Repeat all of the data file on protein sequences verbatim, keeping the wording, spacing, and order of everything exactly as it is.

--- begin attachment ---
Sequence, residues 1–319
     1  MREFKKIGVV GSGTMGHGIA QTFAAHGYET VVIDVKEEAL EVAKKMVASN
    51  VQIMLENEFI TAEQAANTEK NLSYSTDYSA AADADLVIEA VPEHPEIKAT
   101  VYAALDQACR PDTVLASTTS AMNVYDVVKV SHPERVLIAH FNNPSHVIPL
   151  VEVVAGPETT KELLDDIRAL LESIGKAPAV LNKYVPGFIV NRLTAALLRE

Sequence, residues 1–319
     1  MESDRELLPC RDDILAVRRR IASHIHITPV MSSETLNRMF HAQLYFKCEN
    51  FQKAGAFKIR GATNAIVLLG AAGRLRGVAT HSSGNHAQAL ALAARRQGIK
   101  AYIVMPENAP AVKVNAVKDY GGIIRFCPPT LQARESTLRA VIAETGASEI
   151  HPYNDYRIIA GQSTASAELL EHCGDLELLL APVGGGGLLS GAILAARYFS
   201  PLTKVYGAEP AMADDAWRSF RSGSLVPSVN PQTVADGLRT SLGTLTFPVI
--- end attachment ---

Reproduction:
Sequence, residues 1–319
     1  MREFKKIGVV GSGTMGHGIA QTFAAHGYET VVIDVKEEAL EVAKKMVASN
    51  VQIMLENEFI TAEQAANTEK NLSYSTDYSA AADADLVIEA VPEHPEIKAT
   101  VYAALDQACR PDTVLASTTS AMNVYDVVKV SHPERVLIAH FNNPSHVIPL
   151  VEVVAGPETT KELLDDIRAL LESIGKAPAV LNKYVPGFIV NRLTAALLRE

Sequence, residues 1–319
     1  MESDRELLPC RDDILAVRRR IASHIHITPV MSSETLNRMF HAQLYFKCEN
    51  FQKAGAFKIR GATNAIVLLG AAGRLRGVAT HSSGNHAQAL ALAARRQGIK
   101  AYIVMPENAP AVKVNAVKDY GGIIRFCPPT LQARESTLRA VIAETGASEI
   151  HPYNDYRIIA GQSTASAELL EHCGDLELLL APVGGGGLLS GAILAARYFS
   201  PLTKVYGAEP AMADDAWRSF RSGSLVPSVN PQTVADGLRT SLGTLTFPVI